Stephen Ernest “Steve” Stockman
As the air is filled with more stories of his current antics
, I thought a little refresher on Texas congressman Steve Stockman’s history might be in order.
You see, Stockman was a congressman nineteen years ago, too. He’d just been elected to his first term, and was a darling of the far-right Bircher-birthed militia movement, the ancestors of today’s Tea Party twits. Because he was so close to the militia types, he was the congresscritter whose office received a fax on the morning the Murrah Building was blown up in Oklahoma City:
About 45 minutes before the bomb went off on 4/19/95 in front of the Murrah
Building, this idiot’s office got a fax that the sender (who turned out to be one of
the “Michigan Militia” who knew McVeigh) had tried to make look like it came
from a Federal agency, warning of a bomb threat to a Federal building in Oklahoma City.
As the writer goes on to mention, all Federal employees and all congressional staffers are taught that whenever any sort of bomb threat is received, even if you think it’s a joke, it is to be reported, immediately, to Federal Protective Services and the FBI. Stockman’s people threw the fax into the recycling bin.
Eventually, after the bombing, somebody in Stockman’s office finally made the connection, retrieved the fax from the recycling bin, and told the FBI. (But not without passing it along to the National Rifle Association.)
There has been confusion about when the fax was actually sent. Stockman has claimed for years that his office received the fax after the bombing occurred, yet a Christian Science Monitor article written shortly after the blast shows that the issue of timing isn’t that cut-and-dried:
Less than four hours after the bombing, a woman in the Wolverine Productions office who called herself ”Libby,” told the Monitor that she had sent the fax to Rep. Stockman’s office, but that neither she, nor anyone else at Wolverine, had written the note.
Libby, whose full name is Libby ”Malloy,” according to Stockman’s office, explained that the message arrived first on her fax machine. She says she then made a copy of the note, wrote ”Wolverine” on it, and forwarded it on to Stockman.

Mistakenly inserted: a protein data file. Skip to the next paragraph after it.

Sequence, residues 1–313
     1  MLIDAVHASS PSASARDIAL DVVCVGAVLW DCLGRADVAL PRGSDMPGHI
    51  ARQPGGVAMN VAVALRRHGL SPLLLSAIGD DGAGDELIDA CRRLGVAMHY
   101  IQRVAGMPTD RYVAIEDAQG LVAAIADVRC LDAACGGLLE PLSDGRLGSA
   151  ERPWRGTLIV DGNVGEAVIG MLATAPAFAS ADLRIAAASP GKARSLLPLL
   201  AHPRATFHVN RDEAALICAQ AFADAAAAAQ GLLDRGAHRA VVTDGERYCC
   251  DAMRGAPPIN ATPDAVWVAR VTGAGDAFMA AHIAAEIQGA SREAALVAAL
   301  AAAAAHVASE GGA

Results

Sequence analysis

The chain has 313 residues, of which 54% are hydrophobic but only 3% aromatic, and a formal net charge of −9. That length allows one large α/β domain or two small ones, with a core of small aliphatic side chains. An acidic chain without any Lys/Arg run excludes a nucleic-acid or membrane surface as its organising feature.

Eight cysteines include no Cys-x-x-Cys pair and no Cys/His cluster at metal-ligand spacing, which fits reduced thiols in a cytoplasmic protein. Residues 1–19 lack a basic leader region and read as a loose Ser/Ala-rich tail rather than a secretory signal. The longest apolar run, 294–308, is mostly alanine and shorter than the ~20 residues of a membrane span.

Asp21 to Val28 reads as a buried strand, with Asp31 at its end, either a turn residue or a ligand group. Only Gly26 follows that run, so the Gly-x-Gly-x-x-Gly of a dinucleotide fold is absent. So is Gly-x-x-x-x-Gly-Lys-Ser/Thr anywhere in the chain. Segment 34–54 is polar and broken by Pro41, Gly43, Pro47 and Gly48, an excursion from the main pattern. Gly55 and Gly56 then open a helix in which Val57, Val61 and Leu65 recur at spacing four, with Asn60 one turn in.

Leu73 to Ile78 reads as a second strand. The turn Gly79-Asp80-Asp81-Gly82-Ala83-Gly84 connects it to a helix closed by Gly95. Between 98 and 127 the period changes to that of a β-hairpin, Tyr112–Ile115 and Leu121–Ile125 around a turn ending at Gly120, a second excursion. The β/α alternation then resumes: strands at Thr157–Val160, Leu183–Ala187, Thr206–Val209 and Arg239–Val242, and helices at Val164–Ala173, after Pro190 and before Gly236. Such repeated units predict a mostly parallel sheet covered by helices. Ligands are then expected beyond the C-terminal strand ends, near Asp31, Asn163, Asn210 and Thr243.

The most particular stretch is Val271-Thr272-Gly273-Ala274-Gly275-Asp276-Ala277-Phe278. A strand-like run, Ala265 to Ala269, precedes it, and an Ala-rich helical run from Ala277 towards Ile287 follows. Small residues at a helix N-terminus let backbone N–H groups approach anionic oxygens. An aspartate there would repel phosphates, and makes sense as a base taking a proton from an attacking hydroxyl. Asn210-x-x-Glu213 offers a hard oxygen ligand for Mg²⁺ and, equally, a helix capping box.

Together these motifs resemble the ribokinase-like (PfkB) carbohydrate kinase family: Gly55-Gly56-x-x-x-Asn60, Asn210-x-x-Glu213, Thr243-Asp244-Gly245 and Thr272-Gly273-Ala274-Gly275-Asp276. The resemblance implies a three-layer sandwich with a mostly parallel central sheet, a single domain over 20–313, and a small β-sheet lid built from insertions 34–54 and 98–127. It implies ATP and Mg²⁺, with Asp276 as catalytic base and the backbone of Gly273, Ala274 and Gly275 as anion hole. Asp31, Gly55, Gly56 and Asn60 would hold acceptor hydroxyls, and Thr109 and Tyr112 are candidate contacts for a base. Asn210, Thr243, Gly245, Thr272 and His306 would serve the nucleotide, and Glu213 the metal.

According to Rep. Stockman, the fax his office received bore a time stamp of 8:59 Eastern time, suggesting it was sent well before the 10:04 Eastern time bombing.
WHEN asked why the fax she sent Stockman was timed before the bombing, Libby and Mr. Stadtmiller said they had neglected to set their fax machine clock forward an hour for daylight savings time earlier this month.
But on the day of the bombing, when asked to read the time stamp on the fax she received from the unidentified source in Oklahoma city, Libby said it read 8:48 a.m. Central time, 12 minutes before the bomb exploded.
In explanation, Libby said that the person who sent the fax must also have forgotten to change his or her clock. Libby added that she always sends relevant ”intelligence” to Stockman’s staff, whom she considers ”friendly.”
Now, if Libby was telling the truth about the timing, why in the world would she have sent that weird fax to Stockman’s office after the bombing?
On the other hand, it would make a lot more sense if, say, Libby and whoever sent her that fax were starting to feel guilty about a bomb plot they knew was about to be brought to deadly fruition, yet they didn’t want to rat out their fellow travelers in the militia movement, so they came up with this cockamamie plan to try and create a warning that looked like it was issued by a Federal agency and then pass it along to somebody who they figured was sympathetic to the movement yet would feel duty-bound to notify the proper authorities in time to avert the bombing.
(Crossposted from Mercury Rising.)